Guest / Limited Access /

Amelia Hendrix, a tall brunette and the daughter of a Presbyterian Church in America minister, has spent her life as "a poster child for the church." Toward the end of her four years at the University of Tennessee, however, that role proved harder to play. Her "Christian bubble" dissipated as friends from church got married, and she found herself befriending people with different values: non-Christians, gay students, and pot smokers at the record store where she worked.

At university, Amelia took classes on modern American religion. "That was eye-opening," she said. "I did a lot on Jerry Falwell, the conservative party, and the consolidating of the Christian right. It made me question everything I'd been taught. I was raised conservative, pro-life, anti-gay; I was taught that Christians should be in power. I came out thinking nothing I was taught had been right."

When Amelia graduated last December, she told her father she was thinking of going to L'Abri, the Christian study center and commune in the Swiss Alps founded by celebrity apologist Francis Schaeffer. "When I brought up the idea, Dad said, 'That's great, I love Schaeffer,'" she said.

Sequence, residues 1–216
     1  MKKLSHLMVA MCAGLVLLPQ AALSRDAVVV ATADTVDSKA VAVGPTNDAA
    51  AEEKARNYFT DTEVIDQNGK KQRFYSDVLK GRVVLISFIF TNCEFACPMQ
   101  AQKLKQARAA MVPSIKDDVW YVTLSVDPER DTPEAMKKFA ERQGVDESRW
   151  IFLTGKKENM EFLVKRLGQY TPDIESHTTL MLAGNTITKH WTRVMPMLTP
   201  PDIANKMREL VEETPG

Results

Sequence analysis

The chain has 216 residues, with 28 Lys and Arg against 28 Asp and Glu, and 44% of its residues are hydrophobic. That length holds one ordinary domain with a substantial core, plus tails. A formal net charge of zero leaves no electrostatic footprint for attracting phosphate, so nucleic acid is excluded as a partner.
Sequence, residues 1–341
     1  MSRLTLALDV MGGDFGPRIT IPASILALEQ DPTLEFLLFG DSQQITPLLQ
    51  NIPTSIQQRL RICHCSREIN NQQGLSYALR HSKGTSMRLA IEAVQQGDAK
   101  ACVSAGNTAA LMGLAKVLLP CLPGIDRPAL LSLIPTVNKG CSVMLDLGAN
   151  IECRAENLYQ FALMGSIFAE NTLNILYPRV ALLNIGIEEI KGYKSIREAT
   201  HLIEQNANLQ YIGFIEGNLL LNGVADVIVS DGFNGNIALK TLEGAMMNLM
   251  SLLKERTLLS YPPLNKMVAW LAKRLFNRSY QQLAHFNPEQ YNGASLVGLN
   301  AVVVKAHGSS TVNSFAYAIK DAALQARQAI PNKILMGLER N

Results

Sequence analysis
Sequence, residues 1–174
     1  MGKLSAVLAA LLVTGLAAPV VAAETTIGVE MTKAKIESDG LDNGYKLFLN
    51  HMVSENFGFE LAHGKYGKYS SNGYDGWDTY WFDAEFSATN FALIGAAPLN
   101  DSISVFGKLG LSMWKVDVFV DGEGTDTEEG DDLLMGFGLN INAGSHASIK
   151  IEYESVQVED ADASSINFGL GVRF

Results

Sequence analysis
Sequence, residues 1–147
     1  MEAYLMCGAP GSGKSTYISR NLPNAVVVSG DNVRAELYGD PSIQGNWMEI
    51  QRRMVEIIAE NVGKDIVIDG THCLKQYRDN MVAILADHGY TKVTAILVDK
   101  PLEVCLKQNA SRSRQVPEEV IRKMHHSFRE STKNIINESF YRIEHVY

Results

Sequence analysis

If her father remembers L'Abri as it was when Schaeffer was alive—a place where thoughtful young Christians went to breathe the fortifying Alpine air and to sit at the feet of their goateed guru—Amelia embodies what L'Abri has become: a community ambivalent about Schaeffer's legacy and ill at ease with mainstream evangelical culture. Half a century after L'Abri's founding and more than 20 years after Schaeffer's death, students come with very different questions, and they look askance at the politicized faith that Schaeffer helped create.

From Radical to Politico

Shortly after ...

Subscriber access only You have reached the end of this Article Preview

To continue reading, subscribe now. Subscribers have full digital access.

Read These NextSee Our Latest
RecommendedHow Theologians Have Failed Asian Christians—and How They Can Do Better
How Theologians Have Failed Asian Christians—and How They Can Do Better
Rather than forcing “elite” agendas upon grassroots believers, says Simon Chan, we need to take their concerns seriously.
TrendingHow 727 Megachurches Spend Their Money
How 727 Megachurches Spend Their Money
Leadership Network and Vanderbloemen find what determines pastor salaries (and who might be most underpaid).
Editor's PickWhy Can't Men Be Friends?
Why Can't Men Be Friends?
Men and women alike increasingly say they are lonely. It doesn't have to be this way.
Comments
Christianity Today
Not Your Father's L'Abri
hide thisMarch March

In the Magazine

March 2008

To continue reading, subscribe now for full print and digital access.